Pain when sitting can be caused by many conditions, including sciatica, arthritis, disc herniation, poor posture, myofascial pain syndrome, injuries from trauma, and even simply tired muscles. People who sit for long periods of time are particularly susceptible to pain when sitting; people who work at a desk all day, or people who are confined to wheelchairs are likely to experience pain when sitting at some point. The severity of the pain may be cause for a doctor's visit, though in most cases, changes to one's daily routines and sitting habits is enough to remedy the problem.
Myofascial pain syndrome is a condition in which certain areas of the body experience pain. The pain can be severe and it is usually traced back to a trigger point, or part of the body that leads to the pain. Knotted muscles are usually the cause of pain when sitting in this case, and a visit to the doctor can help a sufferer come up with a plan to combat the condition. This condition is still not understood very well, even by professionals, so treatment options will vary and will have mixed results, depending on the sufferer's reaction to the treatments.
Sciatica occurs when the sciatic nerve that runs from the lower back and down the back of each leg becomes compressed for any reason, often leading to aching, sharp pains, numbness, or tingling anywhere along the length of the legs, buttocks, hips, and lower back. This is a common cause of pain when sitting, and it can be caused by tight or inflamed muscles and tendons, or by a herniated disc in the spine. A herniated disc occurs when the spinal disc that sits between two vertebrae bulges, thereby pressing against the nerves that run near the spine. A spinal disc can compress the sciatic nerve, leading to pain when sitting.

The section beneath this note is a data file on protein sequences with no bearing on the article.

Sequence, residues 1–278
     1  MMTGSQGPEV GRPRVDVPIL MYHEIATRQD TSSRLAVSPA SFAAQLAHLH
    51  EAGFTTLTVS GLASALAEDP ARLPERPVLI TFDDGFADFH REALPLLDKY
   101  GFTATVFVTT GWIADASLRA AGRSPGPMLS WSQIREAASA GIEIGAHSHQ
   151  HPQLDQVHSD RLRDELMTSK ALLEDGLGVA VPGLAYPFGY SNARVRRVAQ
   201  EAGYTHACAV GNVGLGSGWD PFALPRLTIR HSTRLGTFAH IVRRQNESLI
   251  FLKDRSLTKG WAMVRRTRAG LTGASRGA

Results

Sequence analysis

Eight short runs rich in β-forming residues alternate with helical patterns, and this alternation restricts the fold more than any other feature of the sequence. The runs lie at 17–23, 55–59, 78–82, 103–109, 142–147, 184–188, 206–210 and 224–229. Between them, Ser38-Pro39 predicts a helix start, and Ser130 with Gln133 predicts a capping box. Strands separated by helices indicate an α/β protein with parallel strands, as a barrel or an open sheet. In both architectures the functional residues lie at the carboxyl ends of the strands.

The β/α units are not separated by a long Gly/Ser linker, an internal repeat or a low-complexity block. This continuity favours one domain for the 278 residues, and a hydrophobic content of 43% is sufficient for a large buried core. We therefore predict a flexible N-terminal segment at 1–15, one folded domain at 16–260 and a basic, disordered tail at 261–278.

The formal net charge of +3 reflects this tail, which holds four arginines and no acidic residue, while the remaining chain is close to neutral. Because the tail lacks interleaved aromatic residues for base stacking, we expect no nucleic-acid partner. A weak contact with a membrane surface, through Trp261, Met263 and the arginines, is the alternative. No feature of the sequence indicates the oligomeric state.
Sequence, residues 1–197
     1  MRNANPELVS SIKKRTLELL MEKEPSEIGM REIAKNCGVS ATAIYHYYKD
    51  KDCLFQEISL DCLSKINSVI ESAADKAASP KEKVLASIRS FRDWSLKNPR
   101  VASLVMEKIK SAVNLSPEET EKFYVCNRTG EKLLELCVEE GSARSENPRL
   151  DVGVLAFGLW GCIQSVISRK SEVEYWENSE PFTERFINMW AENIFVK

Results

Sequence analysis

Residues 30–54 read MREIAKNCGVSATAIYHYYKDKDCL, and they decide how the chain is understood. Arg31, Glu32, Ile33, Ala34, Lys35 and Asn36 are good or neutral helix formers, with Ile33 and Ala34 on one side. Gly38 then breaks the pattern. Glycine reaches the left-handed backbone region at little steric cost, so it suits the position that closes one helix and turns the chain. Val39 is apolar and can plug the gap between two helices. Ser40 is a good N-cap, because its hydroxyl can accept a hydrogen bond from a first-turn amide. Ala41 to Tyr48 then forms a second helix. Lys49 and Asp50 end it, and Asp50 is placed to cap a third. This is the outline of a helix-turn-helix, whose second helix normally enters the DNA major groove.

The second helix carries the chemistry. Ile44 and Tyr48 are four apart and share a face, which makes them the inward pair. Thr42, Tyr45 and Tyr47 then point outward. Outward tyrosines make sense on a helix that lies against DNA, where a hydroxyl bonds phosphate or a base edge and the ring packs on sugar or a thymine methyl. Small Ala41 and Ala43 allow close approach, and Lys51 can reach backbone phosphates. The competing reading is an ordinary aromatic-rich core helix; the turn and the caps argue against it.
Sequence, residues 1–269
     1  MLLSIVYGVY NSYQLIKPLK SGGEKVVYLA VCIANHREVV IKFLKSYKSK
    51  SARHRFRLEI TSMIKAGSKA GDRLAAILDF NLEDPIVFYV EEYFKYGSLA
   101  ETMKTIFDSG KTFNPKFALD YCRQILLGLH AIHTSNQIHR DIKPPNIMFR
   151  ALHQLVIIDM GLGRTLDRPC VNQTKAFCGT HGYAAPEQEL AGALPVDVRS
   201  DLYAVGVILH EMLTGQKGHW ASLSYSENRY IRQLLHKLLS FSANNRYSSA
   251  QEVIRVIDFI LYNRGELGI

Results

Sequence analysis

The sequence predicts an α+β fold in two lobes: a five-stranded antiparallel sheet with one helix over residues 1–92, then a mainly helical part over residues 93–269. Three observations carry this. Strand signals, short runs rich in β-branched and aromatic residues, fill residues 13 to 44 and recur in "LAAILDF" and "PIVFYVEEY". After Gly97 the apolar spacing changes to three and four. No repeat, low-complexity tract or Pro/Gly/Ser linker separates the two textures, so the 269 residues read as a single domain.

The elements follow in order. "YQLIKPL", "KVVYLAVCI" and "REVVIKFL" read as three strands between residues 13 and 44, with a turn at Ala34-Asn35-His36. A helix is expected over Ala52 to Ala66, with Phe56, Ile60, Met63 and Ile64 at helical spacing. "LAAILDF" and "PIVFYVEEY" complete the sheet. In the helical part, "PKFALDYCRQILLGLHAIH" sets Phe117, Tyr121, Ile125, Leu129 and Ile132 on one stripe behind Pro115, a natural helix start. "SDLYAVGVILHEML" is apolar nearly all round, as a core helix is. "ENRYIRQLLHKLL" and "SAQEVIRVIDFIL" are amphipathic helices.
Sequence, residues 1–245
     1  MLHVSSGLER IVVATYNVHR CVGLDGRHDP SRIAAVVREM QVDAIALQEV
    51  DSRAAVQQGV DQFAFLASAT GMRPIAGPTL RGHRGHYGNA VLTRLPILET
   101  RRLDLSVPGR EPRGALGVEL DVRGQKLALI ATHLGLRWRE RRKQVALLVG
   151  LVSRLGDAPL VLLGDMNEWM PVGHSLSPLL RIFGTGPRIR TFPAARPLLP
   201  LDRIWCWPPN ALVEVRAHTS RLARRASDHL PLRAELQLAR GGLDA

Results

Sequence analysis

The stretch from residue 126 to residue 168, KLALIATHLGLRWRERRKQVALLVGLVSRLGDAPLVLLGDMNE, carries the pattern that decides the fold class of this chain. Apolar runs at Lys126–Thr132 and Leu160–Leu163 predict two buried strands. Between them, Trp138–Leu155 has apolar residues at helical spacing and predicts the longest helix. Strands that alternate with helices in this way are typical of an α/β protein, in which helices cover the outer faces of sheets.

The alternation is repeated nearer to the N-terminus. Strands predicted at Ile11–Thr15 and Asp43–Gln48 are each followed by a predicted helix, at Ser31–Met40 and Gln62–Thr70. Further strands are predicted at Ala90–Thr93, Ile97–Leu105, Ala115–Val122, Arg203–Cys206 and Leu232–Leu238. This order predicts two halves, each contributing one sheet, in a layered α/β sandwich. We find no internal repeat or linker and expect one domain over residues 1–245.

Poor posture is a very common cause of pain when sitting, especially among office workers. When the lower back is not adequately supported by a chair, the muscles that support the back can become tired, which will lead to tension in those muscles. The tighter the muscles are, the more discomfort one will feel; those tight muscles can begin pulling on the spine, hips, and other bones and joints, thereby leading to unnatural movements in the body. Getting up from the chair periodically and stretching can help prevent pain and increase blood flow, and using an ergonomic chair can increase support of the lower back, neck, and shoulders.